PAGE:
|“||"[Archie is] basically a square, but in my opinion the squares are the backbone of America... [and] strong families."||”|
At its peak, the Archie comic strip ran in 750 newspapers, while comics sales continue to sell millions of copies each year (from a height of c. 50 million) through grocery stores and newsvendors as well as tailored comics shops - Archie Comics' output is among the few still carried by the full range of venues.
The Archie line of comics (and related items) gave Goldwater a "multimillion-dollar fortune and publishing empire, Archie Comic Publications Inc. of Mamoroneck, N.Y.," a major rival to the comics industry's Superhero houses Marvel and DC Comics. Archie would feature not just in comic books and newspaper strips, but on radio, television and in film, as well as having his own "short-lived chain of Archie restaurants."
Goldwater ran Archie Comics until his retirement in 1983.
The Comics Code
In 1954, with a public outcry against comics building on Fredric Wertham's book Seduction of the Innocent and the Estes Kefauver-led United States Senate Subcommittee on Juvenile Delinquency hearings, Goldwater helped found the "Comics Magazine Association of America, whose Comics Code Authority persuaded magazines to voluntarily weed out offensive copy as well as ads for guns, knives and war weapons." Goldwater served as president of the Comics Magazine Assoc. for 25 years, personally decrying such events as the 1971 United States Department of Health, Education and Welfare-sanctioned Spider-Man storyline dealing with the problems of drug addiction, which while talking of the evils of drugs still violated the code's guidelines by mentioning them at all. As a consequence, Marvel Comics writer and editor Stan Lee decided to defy the CCA and ran the offending story without the seal to considerable public approval which discredited the organization
Goldwater also found time to serve as President of the New York Society for the Deaf, and was actively involved as a National Commissioner of the Anti-Defamation League of B'nai B'rith, for "more than 50 years." In a 1999 notice placed in the New York Times, he was described as a "Poet Laureate, listed in [The] Who's Who of America," and a member of both the "Old Oaks Country Club and the Friars Club."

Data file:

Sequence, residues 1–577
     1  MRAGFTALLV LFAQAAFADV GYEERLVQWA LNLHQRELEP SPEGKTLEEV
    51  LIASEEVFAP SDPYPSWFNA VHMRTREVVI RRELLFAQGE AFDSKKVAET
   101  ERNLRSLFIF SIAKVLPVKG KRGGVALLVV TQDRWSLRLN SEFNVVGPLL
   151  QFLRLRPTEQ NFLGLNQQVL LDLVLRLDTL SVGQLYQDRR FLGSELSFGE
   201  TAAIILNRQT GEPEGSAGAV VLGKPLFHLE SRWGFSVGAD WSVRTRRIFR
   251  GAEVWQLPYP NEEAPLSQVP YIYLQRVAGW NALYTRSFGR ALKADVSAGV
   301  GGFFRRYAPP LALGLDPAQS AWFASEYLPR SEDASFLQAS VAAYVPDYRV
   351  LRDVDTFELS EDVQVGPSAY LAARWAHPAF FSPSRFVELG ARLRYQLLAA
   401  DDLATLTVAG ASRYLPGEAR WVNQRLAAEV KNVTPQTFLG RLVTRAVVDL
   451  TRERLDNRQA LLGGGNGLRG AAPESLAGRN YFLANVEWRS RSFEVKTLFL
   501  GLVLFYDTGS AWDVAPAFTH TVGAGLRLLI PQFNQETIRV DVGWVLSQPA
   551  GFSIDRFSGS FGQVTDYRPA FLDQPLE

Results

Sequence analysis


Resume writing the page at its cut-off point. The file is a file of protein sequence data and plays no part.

In 1973, Goldwater "licens[ed] Archie for evangelical Christian messages," despite his personal Jewish faith, feeling that the "sentiments were in line with his wholesome family message."  The comics were written and illustrated by one of the Archie regulars, Al Hartley, and were published by Spire Christian Comics.
Ten years later, after Goldwater's retirement, the then-publicly traded Archie Comics company was acquired by Richard Goldwater (his son) and Silberkleit's son Michael, returning it to private ownership. In 2009, Goldwater's son Jonathan was named CEO of Archie Comics.
Goldwater died in New York on February 26, 1999, and was survived by his second wife and three sons: Richard (from his first marriage), Jonathan and Jared. He was also described as a "[d]evoted brother of Dorothy Glaser and the late Jack." Donations were invited in his honor to the Anti-Defamation League.
- "United States Social Security Death Index," index, FamilySearch (https://familysearch.org/pal:/MM9.1.1/JKPN-VYS : accessed 13 Mar 2013), John L Goldwater, 20 February 1999.
- Denis Gifford (March 27, 1999). "Obituary: John L. Goldwater". The Independent. Retrieved 2008-07-08.[dead link]
- Ralph Blumenthal (March 2, 1999). "John L. Goldwater, Creator of Archie and Pals, Dies at 83". New York Times. Retrieved 2008-07-08.
- "Publisher Profile: Archie Comics" By Rik Offenberger, from Borderline #19 (March 1, 2003). Retrieved July 8, 2008.
- South Coast Today: Obituaries 28 February 1999. Retrieved September 5, 2008.
- Thompson, Don & Maggie, "Crack in the Code" in Newfangles #44 (February, 1971)
- "Paid Notices: Deaths Goldwater, John L.". The New York Times. February 28, 1999. Retrieved 2008-09-05.